GR: That a gambling addiction can be every bit as devastating, and as hard to treat, as a drug or alcohol dependency. It’s all the more insidious for being invisible, and it’s far more widespread than most people understand. A lot of social security checks, pay checks, and even liquidated homes end up on the casino’s bottom line.

M&S: How does the movie differ from how you envisioned the story?

GR: It’s remarkably faithful to what actually happened. I assumed a great many liberties would be taken in the transition from page to screen, and I’m pleased that the changes were minor and inconsequential. The pathos and grimness of what happened is there in the movie.

M&S: Is Philip Seymour Hoffman’s portrayal of Dan Mahowny anything like the real Brian Molony?

GR: Remarkably so. They have the same stocky build, bushy moustache, glasses, slightly unkempt look, and earnestness. And Philip somehow managed to assimilate the psychic essence of Molony – a yawning emptiness that nothing except gambling was able to fill.

M&S: What happened to the real character after he was arrested?

GR: He pled guilty to fraud, was sentenced to six years, and is now making a life for himself with the girlfriend who stuck by him (Minnie Driver in the film), now his wife and the mother of their three boys. He hasn’t gambled since the night of his arrest, twenty years ago now.


From the Trade Paperback edition.

 

McClelland & Stewart: Where did you get your information when researching Stung?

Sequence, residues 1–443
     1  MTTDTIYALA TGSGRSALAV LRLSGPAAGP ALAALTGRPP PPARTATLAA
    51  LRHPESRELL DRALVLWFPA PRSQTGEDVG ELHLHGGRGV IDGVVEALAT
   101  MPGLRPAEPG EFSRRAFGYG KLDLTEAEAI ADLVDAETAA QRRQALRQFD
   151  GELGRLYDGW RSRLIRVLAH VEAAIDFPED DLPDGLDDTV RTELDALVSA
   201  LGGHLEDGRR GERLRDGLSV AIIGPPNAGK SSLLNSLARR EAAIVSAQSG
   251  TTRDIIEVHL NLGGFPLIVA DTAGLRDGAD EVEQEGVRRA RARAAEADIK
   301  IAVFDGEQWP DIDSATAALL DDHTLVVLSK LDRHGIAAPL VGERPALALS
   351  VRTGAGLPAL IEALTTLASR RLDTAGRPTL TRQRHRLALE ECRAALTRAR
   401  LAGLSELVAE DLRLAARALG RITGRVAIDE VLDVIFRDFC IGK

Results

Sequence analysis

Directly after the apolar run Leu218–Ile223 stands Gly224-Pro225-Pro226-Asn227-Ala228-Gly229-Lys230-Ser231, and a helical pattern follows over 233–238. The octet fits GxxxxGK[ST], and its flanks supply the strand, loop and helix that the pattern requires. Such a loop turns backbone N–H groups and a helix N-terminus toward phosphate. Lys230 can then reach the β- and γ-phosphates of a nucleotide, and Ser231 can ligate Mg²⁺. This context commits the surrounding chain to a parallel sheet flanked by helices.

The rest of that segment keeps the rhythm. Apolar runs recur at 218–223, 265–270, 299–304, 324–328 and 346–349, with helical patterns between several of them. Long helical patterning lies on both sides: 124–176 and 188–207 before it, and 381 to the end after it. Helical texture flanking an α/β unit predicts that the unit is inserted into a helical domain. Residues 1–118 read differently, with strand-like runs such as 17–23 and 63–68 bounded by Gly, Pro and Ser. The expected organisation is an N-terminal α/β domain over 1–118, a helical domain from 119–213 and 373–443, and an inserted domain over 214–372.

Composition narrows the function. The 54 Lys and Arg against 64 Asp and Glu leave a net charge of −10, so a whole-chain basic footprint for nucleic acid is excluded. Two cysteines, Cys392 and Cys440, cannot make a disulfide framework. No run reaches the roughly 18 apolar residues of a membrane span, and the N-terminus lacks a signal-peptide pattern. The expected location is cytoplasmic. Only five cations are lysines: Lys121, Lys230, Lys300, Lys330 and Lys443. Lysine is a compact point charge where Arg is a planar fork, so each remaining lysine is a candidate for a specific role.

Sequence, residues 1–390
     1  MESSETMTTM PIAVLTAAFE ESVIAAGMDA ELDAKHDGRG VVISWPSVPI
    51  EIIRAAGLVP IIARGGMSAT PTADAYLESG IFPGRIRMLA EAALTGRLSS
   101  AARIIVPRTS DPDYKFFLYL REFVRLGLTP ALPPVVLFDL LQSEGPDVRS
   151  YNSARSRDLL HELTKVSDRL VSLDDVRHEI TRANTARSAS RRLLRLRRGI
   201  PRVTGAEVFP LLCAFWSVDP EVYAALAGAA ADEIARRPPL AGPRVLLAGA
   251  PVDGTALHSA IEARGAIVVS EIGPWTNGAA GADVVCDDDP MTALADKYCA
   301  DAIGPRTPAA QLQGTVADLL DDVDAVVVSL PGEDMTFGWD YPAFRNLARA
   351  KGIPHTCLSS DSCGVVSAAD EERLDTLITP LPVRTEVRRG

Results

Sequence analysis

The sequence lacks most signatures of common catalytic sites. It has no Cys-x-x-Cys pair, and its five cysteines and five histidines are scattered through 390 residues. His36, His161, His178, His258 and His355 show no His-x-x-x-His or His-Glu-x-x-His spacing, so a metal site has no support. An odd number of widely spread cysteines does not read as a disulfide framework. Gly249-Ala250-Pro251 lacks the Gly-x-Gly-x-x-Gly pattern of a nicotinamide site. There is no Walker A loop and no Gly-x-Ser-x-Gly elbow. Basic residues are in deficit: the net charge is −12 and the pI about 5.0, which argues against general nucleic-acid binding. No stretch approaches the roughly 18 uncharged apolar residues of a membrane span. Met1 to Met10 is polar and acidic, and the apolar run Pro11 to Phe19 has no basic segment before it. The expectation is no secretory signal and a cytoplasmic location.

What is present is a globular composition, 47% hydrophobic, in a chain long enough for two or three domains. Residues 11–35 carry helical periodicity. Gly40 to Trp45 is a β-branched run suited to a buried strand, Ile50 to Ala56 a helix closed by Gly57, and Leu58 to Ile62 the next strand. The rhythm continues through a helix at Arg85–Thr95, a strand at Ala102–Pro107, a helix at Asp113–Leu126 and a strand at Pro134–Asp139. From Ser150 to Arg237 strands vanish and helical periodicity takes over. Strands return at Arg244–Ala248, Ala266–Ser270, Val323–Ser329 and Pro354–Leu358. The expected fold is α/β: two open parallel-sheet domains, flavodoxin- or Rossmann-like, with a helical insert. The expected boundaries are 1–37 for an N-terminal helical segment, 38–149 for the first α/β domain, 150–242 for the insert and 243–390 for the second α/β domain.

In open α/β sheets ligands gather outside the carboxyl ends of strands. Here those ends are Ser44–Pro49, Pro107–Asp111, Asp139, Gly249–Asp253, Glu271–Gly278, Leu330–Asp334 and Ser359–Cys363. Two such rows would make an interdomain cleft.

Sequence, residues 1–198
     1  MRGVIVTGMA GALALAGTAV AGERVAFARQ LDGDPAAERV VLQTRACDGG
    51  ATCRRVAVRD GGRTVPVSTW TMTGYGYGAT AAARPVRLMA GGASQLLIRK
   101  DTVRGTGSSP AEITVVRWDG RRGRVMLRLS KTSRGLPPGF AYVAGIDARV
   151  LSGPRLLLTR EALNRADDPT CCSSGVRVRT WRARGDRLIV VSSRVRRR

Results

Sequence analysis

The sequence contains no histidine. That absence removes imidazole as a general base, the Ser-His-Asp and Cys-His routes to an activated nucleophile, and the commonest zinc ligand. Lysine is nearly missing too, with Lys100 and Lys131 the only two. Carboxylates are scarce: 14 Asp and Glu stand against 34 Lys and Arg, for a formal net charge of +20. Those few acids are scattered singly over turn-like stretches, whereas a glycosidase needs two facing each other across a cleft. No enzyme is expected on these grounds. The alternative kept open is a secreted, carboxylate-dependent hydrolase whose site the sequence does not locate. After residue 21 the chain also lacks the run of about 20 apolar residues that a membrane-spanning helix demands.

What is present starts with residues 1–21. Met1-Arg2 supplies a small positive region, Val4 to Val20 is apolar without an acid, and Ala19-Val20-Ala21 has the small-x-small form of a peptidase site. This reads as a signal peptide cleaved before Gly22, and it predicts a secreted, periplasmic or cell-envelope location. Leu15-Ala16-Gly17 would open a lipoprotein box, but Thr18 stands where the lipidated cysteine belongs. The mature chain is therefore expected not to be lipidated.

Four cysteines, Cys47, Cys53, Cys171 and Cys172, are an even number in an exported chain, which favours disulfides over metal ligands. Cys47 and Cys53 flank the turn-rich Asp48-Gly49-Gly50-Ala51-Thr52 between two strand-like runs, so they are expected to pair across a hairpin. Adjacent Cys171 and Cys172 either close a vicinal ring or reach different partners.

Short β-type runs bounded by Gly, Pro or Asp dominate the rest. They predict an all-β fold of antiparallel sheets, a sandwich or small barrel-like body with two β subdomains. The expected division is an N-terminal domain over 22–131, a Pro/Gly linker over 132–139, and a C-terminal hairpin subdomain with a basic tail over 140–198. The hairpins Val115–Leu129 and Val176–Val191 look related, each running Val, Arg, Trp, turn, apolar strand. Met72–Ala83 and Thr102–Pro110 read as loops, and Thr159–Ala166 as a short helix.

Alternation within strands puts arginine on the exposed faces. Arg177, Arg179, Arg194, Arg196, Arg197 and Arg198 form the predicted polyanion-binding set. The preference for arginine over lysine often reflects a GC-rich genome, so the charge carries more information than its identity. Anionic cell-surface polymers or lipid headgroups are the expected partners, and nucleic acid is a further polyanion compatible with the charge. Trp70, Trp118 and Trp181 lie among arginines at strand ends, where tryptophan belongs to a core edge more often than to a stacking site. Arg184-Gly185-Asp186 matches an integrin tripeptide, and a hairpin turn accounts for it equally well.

Gary Ross: I interviewed Molony at great length – four or five hours a day for months. Neither the bank nor the casino would talk to me, but there was a lot of material on the public record in Ontario and New Jersey because of the criminal charges and the civil suit the bank filed against the casino.


M&S: What was it about the story initially that caught your interest?

GR: I was senior editor at Saturday Night magazine at the time the fraud was discovered, right across the street from the Bay and Richmond (Toronto) branch of the CIBC. I assumed it was some sophisticated computer scam – how else could you liberate $10.2-million from a big bank? – and was intrigued to learn from Eddie Greenspan, Brian Molony’s lawyer, that Molony was a compulsive gambler and that the frauds had been acts of improvised desperation rather than an elegant criminal scheme.

M&S: What were you most surprised to learn while conducting your research?

GR: That a gambling addiction can be every bit as devastating, and as hard to treat, as a drug or alcohol dependency. It’s all the more insidious for being invisible, and it’s far more widespread than most people understand. A lot of social security checks, pay checks, and even liquidated homes end up on the casino’s bottom line.

M&S: How does the movie differ from how you envisioned the story?

GR: It’s remarkably faithful to what actually happened. I assumed a great many liberties would be taken in the transition from page to screen, and I’m pleased that the changes were minor and inconsequential. The pathos and grimness of what happened is there in the movie.

M&S: Is Philip Seymour Hoffman’s portrayal of Dan Mahowny anything like the real Brian Molony?

GR: Remarkably so. They have the same stocky build, bushy moustache, glasses, slightly unkempt look, and earnestness. And Philip somehow managed to assimilate the psychic essence of Molony – a yawning emptiness that nothing except gambling was able to fill.

M&S: What happened to the real character after he was arrested?

GR: He pled guilty to fraud, was sentenced to six years, and is now making a life for himself with the girlfriend who stuck by him (Minnie Driver in the film), now his wife and the mother of their three boys. He hasn’t gambled since the night of his arrest, twenty years ago now.